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Adgator no longer serving paid ads

Jul22

Written by:
2009/07/22 04:21 PM RssIcon

image Have you noticed, as of this writing, that Adgator is no longer serving paid campaign ads, but only serving their own in-house ads. I thought it was only me until I did some digging and it turns out that the Adgator service is not as successful as the advertisers would like it to be.

imageNo more ads being served

I had a look at my Adgator stats, and since 11 July I have not earned one cent from serving ads. Probably because I am not serving paid ad campaigns, even though I have physically served thousands of ads, but got next to nothing, in fact nothing for it.

Where the problem is, according to advertisers, is not with serving ads but it seems that nobody is clicking on the ads that should send you to the advertisers website.  Apparently Adgator says that this is due to bloggers placing the ads below the page fold (where the website ends at the bottom of the screen).

Also a warning that one major brand and a major media agency have warned that they will stop advertising with Adgator if the click ratio doesn't improve.  Exactly who the two companies are, are not known at this time.

Filtering out Bloggers

If you put an Adgator ad on your blog, you get a percentage of the cost per impression or cost per thousand (CPM). Advertisers are expecting more clicks in order to attract new business.  In a move to increase the click on ads, Adgator will now be showing bloggers their click/impression ratio.  Bloggers with a higher ratio will be the first to get new campaigns.

The problem with this concept of filtering possible bloggers as publishers out is that there is generally a very small percentage of click-throughs in the world of advertising. Generally the click through ratio ranges from 0.1% to 0.65%, with a 1% being exceptional. This means that if you display 5000 ad views you are likely to only attract about 5 clicks. This assuming your ad is clickable and that it is well designed with a good call to action.

That is why Pay per Click (CPC) ad campaigns are more expensive than pay per impression (CPM) add campaigns. But if a advertiser has no clicks he might end up not paying for his campaign even though 10 000 ads were served.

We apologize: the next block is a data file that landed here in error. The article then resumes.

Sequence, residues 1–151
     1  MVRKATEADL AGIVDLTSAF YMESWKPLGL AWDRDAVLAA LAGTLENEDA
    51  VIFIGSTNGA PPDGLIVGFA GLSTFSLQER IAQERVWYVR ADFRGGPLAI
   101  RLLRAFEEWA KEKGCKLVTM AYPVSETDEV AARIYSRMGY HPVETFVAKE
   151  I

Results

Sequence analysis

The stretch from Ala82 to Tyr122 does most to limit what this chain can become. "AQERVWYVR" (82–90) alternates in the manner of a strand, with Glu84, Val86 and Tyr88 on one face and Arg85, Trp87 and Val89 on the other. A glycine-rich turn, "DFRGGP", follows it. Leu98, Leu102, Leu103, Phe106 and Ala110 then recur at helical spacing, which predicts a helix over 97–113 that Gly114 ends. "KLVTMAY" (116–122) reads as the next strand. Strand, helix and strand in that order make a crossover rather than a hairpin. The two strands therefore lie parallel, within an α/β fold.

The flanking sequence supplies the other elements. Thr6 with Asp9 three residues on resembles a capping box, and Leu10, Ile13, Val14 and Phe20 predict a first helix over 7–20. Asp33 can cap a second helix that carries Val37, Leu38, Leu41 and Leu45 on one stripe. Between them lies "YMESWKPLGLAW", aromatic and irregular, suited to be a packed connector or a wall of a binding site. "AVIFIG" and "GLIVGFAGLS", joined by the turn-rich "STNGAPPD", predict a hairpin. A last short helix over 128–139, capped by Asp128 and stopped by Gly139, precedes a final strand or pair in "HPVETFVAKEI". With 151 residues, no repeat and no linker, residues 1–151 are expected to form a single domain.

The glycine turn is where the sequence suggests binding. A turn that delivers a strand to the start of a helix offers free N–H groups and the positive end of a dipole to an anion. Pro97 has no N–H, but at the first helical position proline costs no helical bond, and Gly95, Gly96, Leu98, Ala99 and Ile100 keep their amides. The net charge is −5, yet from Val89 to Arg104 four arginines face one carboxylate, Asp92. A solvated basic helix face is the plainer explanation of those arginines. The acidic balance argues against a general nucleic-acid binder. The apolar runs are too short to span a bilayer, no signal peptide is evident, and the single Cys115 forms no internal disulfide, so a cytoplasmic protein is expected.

CPM and CPC

CPM and CPC costs are never a simple thing to work out.

  • You have to look at the the size of the add. Larger ads are more expensive.
  • The niche space it will be displayed in, i.e. Business, Technology, Political, etc.
  • The Pagerank and popularity of the site the add will be displayed on. Higher Pagerank would demand higher price.
  • The competition and keyword competition. More competitive keywords demand higher price.
  • Link back to website. Having a link to a website costs more.
  • Branding. More popular brands will pay more.
  • Text based ad or Graphic add.
  • Static graphic or animated graphic.

Cost per click is such a weird advertising model for me. It means that advertisers will only pay for the amount of clicks that it’s ad campaign gets. Some problems with this model.

  • A badly designed ad might not encourage readers to click through. This is no fault of the publishers.
  • A badly placed ad will not encourage clicks.
  • Theme conflicts will not encourage click.
  • I don’t see normal print media adopting this model, why electronic media? Where have you seen a pint add only pay when the customer actually visits the store or company as a direct result of seeing the print add. Ridiculous.
  • Cost per click can end up displaying thousands or millions of ads, without paying for a single one. This means that the advertiser is getting free exposure.

The better way of doing it is to have a combined model. That is have both a CPM and a CPC model for any advertiser.

Flat-Rate Placements (FRP)